Homeless Massachusetts Teen Imani Fonfield, Who Led George Floyd Protests, Gets into Harvard
During a student-led protest last year, Imani Fonfield made headlines as she headed the event. At the time, she was homeless, but she’s since gotten accepted into a prestigious university.
Last summer, Imani Fonfield, 18, led the George Floyd protest march in Newton. She was the class speaker at the Newton South High School and was the closest thing her school had to a valedictorian.
When the world first met Imani, she led a die-in for Floyd at the Newton Town Hall. During her recent high school graduation speech, the teenager opened up about her upbringing and the protest.
At last Thursday’s graduation, she confessed to her classmates that last summer was filled with emotion, passion, and a raw realization about society. Imani spoke passionately about leadership and the role it plays.
Her mother, Gladys Fonfield, revealed how her daughter had always been a passionate person from when she was a newborn child. Gladys said her daughter thrived upon birth.
She confessed that her daughter was born prematurely but had self-determination as a child who helped take care of her mother. However, the teenager’s life was not without trials.
During her speech, she revealed that she didn’t have a home. Before she started kindergarten, Imani and her mother were already homeless because of the effects of generations of domestic violence.
Her upbringing strengthened her drive instead of it deflating it. The teenager’s grandmother’s life was taken due to domestic violence leading them to end up homeless; however, Imani had a different path.
They [community college students] would sleep on sleeping in cars or friends’ couches.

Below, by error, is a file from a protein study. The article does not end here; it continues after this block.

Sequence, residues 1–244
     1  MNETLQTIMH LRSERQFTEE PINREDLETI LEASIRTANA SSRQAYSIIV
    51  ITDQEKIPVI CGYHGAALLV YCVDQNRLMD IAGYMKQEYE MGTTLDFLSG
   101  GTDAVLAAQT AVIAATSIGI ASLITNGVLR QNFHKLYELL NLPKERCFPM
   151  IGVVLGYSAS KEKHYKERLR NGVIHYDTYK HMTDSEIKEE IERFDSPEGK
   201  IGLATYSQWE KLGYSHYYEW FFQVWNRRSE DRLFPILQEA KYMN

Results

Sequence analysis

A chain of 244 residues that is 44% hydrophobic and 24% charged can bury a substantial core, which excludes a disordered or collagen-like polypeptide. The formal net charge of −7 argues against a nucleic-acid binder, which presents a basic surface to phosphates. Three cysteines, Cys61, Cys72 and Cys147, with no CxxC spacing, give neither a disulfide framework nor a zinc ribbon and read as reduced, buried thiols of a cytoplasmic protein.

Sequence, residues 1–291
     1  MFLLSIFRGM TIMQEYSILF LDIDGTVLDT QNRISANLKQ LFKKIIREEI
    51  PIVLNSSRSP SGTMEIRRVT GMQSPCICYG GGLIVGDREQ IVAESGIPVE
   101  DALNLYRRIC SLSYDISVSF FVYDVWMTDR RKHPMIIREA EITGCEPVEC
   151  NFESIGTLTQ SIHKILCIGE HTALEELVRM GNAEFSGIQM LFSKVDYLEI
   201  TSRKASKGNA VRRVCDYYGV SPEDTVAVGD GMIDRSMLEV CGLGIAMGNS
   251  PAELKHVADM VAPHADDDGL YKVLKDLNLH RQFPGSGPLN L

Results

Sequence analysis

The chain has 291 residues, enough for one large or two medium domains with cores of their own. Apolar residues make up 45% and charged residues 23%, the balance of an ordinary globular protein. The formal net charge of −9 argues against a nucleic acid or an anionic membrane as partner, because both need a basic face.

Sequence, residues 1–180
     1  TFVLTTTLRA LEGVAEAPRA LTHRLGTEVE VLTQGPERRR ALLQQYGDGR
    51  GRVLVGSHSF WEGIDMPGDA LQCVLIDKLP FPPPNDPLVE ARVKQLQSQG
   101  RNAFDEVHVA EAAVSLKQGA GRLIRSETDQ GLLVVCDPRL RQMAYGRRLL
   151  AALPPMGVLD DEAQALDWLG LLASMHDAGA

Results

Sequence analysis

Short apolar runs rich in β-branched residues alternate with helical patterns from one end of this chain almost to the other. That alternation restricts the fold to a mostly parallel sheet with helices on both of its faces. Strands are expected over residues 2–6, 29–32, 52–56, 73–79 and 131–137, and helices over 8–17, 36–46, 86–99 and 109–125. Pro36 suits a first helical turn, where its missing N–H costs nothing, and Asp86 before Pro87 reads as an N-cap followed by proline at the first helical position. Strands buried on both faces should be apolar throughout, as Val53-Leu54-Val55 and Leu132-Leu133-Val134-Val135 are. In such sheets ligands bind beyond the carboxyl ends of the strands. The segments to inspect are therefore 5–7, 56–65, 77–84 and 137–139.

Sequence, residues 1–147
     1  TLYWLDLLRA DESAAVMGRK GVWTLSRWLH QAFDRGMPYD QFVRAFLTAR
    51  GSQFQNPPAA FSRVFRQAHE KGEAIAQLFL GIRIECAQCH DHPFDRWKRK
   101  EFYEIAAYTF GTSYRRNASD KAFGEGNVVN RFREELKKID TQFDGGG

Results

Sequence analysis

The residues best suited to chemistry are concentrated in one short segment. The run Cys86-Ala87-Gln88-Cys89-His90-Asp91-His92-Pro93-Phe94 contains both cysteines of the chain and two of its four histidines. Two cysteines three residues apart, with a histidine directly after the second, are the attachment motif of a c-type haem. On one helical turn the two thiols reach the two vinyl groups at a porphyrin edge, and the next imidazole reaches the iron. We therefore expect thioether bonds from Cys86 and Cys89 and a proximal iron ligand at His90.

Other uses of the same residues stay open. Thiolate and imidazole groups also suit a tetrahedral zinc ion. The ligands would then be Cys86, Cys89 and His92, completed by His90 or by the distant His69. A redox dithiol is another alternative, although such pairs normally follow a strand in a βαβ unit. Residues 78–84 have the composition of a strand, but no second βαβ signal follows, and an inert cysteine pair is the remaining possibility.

She’s been accepted to Harvard University. The school wasn’t the only one that wanted her as Yale, Northeastern, BU, UMass Amherst, and UConn all gave her acceptance letters.
The Massachusetts teenager has managed to break the mold in so many ways regarding her family background. She said getting into Harvard was an emotional experience, with her adding:
“It felt very liberating for me and my family. I am a first-generation college student.”
And as she said goodbye to high school, she decided to take someone with her. Imani didn’t leave high school on her own, though; she will be taking along a Kente cloth that she decorated with her sister, Joi.
She wore the cloth on her graduation day so they could graduate together after Joi died in seventh grade from an asthma attack. Imani chose Havard because her older sister wanted her to attend there.
This month it was reported that an Oregan homeless woman died while unknowingly rich with nearly $900,000 of inherited funds. Cathy Boone’s late mother’s estate tried contacting her about the inheritance but failed.
Speaking about homelessness, a February 2020 “New York Times” article revealed that some community college students were actually homeless. They would sleep on sleeping in cars or friends’ couches.